Photo by James L. McLaughlin, July 1940
Menemsha fishermen rise with the sun. On a cool, clear morning this week, the lobstermen came down one by one to take their boats to sea.
Pat Jenkinson came down to his lobster boat Solitude. Herbert Hancock’s boat Billie H. began with a roar of its diesel engine.
Early morning is the most civilized hour on the Menemsha waterfront. It starts with first light. Even at the height of summer, the fishermen claim ownership to the sights and sounds of the morning. This is their time. The sense of quiet is as strong as the first rays of sunlight reaching across the marsh. By the time the smell of frying bacon drifts down from the hill above, the Menemsha lobstermen and other pot fishermen are out beyond the bell buoy.
Even the small local and visiting fishing draggers that spend the night at Dutcher Dock are usually gone by daybreak. They all like to get out to do their fishing before the late afternoon winds kick up the seas.
Only by mid-afternoon do these men of the sea come home. Everyone, especially the wives, sons, daughters and friends, hopes they make a day’s pay. These things matter. In Chilmark, everyone is still connected to the sea.
“First light in the morning, it’s peaceful. It is the best time of day in the summer,” says Matthew Poole, 64, a lobster fisherman. Summer visitors may crowd the narrow streets at sunset, but morning belongs to the fishermen.
To anyone arriving at Menemsha for the first time, this is the Vineyard’s prettiest of communities. It is the quintessential New England fishing port. For every Vineyard visitor, whether it is winter or summer, the little community tucked in between the North Shore and Lobsterville knows no equal.
Years ago, a summer resident photographer published a book of Menemsha black and white photographs taken in the winter. Friends and relatives of the little village scooped them all up in no time. The small fishing shanties are precious.
But don’t talk about Menemsha’s quintessential anything to a salty commercial fisherman. They’ve heard it enough from every visitor.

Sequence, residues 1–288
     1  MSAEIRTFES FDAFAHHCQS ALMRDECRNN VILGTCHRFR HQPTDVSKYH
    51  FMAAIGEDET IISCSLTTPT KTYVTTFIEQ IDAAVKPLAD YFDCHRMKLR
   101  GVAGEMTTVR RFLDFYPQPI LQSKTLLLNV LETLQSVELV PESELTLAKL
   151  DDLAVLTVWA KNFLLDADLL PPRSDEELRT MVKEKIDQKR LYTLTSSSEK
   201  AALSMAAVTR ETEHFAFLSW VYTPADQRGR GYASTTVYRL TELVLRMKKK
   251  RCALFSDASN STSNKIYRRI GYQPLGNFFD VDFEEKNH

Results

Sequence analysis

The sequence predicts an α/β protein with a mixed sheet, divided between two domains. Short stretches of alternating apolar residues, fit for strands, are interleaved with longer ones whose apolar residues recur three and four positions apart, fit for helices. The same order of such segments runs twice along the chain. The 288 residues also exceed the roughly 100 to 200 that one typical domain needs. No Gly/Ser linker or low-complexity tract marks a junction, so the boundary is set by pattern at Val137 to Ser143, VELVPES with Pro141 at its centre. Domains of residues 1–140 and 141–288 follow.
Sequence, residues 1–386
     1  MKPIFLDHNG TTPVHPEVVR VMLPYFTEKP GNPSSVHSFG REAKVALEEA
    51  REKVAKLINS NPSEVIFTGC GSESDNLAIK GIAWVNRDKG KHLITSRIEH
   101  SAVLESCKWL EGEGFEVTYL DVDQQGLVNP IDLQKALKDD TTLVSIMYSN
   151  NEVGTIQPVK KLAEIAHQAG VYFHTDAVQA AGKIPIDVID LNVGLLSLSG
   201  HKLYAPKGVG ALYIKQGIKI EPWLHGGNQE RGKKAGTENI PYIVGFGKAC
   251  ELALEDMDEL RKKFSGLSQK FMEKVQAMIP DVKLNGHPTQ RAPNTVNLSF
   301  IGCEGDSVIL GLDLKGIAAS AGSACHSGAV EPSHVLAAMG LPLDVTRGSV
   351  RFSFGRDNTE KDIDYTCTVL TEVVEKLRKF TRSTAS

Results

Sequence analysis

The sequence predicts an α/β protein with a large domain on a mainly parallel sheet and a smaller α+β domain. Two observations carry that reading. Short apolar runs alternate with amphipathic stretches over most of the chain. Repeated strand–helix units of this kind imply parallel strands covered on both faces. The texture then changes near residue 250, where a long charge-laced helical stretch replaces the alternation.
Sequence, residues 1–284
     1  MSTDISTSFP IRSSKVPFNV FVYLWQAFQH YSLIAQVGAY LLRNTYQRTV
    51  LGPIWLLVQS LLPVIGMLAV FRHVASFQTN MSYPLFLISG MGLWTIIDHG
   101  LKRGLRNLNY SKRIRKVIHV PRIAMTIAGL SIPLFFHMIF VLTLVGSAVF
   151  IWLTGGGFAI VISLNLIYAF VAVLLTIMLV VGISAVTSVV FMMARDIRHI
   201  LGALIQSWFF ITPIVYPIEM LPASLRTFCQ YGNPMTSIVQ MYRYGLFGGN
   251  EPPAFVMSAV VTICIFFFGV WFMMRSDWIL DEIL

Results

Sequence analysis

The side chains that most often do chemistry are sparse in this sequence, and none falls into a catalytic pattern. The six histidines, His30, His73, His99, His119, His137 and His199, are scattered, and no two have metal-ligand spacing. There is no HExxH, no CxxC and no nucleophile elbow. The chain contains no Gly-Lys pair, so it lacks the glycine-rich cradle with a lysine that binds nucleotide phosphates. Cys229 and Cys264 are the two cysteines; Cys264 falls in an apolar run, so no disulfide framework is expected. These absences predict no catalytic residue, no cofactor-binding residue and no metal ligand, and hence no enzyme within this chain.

On Dutcher Dock, the waterfront elders are still respected. They are sometimes referred to as “uncle” even by those unrelated. To them, Menemsha is a heritage. It is a haven for an industry that has been pushed and shoved by change. Some of the changes have been good. Many of them are worrisome.
In many coastal communities, fishermen are turned away from the dock in favor of the more lucrative tourists and their clean, expensive boats. In Menemsha the two can comfortably share the same harbor.
When fishermen like Eric Cottle, Jimmy Morgan and Louis S. Larsen started fishing years ago, radar, Loran and electronic fish finders were unavailable. They read their position by sighting familiar spots, or ranges, on the shore and running from one to the next. A compass never ran out of batteries or shorted out. They read the bottom with a sounding lead, also called a lead line. To get a clue where they were, they applied thick grease to a piece of lead and lowered it over the side by line. By reading the silt, sand or pebbles in the grease, fishermen knew where they were.
Photo by Ruth Welch
Years ago there were plenty more fish in Vineyard waters than there are today. Today, with colorful electronic fish finders capable of identifying fish below, the fishermen agree their industry is now too efficient.